Wednesday, June 07, 2006

The Dark Side of Walmart and Organics

I have to admit, I read about Wal-Mart going Organic in Grist Magazine and I was elated! But now I'm learning there is more to the story than meets the eye. There is a dark side to the Wal-Mart move into organics. But the Wal-Mart-i-zation of Organics may have a dark side with it’s CHEAP AT ANY PRICE business model. I read in the NY Times Magazine a different take on the situation:

“As the organic movement has long maintained, cheap industrial food is cheap only because the real costs of producing it are not reflected in the price at the checkout. Rather, those costs are charged to the environment, in the form of soil depletion and pollution (industrial agriculture is now our biggest polluter); to the public purse, in the form of subsidies to conventional commodity farmers; to the public health, in the form of an epidemic of diabetes and obesity that is expected to cost the economy more than $100 billion per year; and to the welfare of the farm- and food-factory workers, not to mention the well-being of the animals we eat. As Wendell Berry once wrote, the motto of our conventional food system — at the center of which stands Wal-Mart, the biggest purveyor of cheap food in America — should be: Cheap at any price!”

So they will turn the factory farming model that is currently employed and just modify it for organics:

“We have already seen what happens when the logic of the factory is applied to organic food production. The industrialization of organic agriculture, which Wal-Mart's involvement will only deepen, has already given us "organic feedlots" — two words that I never thought would find their way into the same clause. To supply the escalating demand for cheap organic milk, agribusiness companies are setting up 5,000-head dairies, often in the desert. These milking cows never touch a blade of grass, instead spending their days standing around a dry-lot "loafing area" munching organic grain — grain that takes a toll on both the animals' health (these ruminants evolved to eat grass, after all) and the nutritional value of their milk. But this is the sort of milk (deficient in beta-carotene and the "good fats" — like omega 3's and C.L.A. — that come from grazing cows on grass) we're going to see a lot more of in the supermarket as long as Wal-Mart determines to keep organic milk cheap.”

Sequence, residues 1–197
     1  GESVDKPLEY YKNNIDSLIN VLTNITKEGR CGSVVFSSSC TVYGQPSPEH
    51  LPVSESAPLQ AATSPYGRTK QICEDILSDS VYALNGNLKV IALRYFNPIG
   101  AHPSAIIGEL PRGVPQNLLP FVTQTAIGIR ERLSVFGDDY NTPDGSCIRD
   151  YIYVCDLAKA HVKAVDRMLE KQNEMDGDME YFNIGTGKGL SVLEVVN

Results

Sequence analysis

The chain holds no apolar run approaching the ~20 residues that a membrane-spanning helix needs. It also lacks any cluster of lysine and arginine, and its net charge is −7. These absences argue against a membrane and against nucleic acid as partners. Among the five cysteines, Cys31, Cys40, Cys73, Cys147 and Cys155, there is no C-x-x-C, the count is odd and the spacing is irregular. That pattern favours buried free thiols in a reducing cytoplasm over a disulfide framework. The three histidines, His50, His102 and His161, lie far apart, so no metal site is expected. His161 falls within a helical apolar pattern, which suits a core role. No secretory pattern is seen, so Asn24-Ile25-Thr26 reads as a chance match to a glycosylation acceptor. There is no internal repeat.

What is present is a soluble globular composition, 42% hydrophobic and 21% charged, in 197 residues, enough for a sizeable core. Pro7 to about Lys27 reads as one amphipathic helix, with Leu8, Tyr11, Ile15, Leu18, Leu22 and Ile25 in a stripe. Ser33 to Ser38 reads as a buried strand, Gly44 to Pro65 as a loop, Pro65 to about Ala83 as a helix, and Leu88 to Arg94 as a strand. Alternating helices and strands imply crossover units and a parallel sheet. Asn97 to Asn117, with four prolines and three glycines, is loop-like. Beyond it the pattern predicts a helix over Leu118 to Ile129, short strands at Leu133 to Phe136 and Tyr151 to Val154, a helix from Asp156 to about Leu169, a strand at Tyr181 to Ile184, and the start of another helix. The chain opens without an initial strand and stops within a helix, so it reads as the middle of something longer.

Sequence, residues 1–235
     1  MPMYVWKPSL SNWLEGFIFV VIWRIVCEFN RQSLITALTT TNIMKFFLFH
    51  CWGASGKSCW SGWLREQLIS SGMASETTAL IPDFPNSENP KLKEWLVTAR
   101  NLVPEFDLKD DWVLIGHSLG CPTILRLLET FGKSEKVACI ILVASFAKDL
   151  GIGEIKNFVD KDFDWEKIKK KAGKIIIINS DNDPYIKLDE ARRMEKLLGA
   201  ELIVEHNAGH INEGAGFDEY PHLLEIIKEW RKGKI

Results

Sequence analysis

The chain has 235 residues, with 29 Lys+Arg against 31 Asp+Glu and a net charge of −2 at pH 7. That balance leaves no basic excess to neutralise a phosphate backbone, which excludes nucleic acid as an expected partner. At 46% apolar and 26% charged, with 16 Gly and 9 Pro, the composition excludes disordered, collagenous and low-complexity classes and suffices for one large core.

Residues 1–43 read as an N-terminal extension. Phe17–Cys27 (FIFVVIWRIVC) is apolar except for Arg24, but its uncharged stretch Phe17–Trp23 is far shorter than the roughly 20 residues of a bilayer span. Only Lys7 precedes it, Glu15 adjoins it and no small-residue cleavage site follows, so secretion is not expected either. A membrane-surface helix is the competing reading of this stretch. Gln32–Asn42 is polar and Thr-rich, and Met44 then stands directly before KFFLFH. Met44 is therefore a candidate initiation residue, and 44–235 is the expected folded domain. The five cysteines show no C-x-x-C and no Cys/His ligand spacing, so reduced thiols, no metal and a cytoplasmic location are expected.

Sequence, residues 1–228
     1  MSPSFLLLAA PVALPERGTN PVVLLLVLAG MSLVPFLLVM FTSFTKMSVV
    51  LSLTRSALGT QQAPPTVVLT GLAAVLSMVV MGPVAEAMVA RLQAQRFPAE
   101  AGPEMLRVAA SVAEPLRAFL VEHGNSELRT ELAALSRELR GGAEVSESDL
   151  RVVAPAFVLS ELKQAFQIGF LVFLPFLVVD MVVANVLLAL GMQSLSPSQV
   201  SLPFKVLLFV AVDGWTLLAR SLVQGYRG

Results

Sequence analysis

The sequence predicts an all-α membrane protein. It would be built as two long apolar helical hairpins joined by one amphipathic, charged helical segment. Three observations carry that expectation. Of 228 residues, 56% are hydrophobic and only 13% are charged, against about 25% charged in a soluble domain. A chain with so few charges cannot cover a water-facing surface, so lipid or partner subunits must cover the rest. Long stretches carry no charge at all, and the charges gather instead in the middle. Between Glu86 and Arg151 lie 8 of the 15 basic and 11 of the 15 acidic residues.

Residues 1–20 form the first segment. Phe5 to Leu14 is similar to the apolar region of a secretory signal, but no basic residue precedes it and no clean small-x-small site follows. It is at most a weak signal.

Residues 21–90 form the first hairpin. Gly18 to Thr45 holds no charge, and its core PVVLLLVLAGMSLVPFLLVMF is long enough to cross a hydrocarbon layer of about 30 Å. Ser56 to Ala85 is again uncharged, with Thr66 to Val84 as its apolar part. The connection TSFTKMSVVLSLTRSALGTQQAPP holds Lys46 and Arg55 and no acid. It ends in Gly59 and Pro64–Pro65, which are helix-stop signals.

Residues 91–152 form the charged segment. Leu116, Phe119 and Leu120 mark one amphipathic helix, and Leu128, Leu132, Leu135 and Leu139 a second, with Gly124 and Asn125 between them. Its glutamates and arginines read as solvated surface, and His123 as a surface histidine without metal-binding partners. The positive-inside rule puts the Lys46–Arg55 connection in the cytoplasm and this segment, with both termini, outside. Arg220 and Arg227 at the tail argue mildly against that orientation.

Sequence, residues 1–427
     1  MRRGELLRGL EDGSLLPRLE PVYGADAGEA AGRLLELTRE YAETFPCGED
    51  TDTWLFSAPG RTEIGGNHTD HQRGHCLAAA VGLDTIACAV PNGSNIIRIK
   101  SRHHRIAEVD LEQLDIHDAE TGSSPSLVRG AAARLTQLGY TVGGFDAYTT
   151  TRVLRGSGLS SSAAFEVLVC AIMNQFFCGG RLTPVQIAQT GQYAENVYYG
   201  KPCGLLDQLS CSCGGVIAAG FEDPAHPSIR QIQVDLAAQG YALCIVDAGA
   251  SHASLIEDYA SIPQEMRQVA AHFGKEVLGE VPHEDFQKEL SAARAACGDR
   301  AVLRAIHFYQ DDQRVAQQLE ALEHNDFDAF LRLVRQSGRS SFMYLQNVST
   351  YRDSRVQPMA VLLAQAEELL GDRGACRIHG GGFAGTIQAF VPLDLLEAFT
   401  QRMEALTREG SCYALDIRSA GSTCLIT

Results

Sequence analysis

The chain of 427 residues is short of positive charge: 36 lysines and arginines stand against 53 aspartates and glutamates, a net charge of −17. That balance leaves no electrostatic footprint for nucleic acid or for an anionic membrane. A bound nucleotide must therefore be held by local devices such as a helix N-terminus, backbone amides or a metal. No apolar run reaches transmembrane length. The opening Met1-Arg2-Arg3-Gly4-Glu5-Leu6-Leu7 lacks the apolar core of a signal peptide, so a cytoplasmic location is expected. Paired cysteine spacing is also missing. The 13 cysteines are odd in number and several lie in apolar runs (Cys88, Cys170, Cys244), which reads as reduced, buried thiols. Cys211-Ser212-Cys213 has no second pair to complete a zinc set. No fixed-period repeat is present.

For more discussion on this important issue:

1 comment:

AnotherDisgusted1 said...
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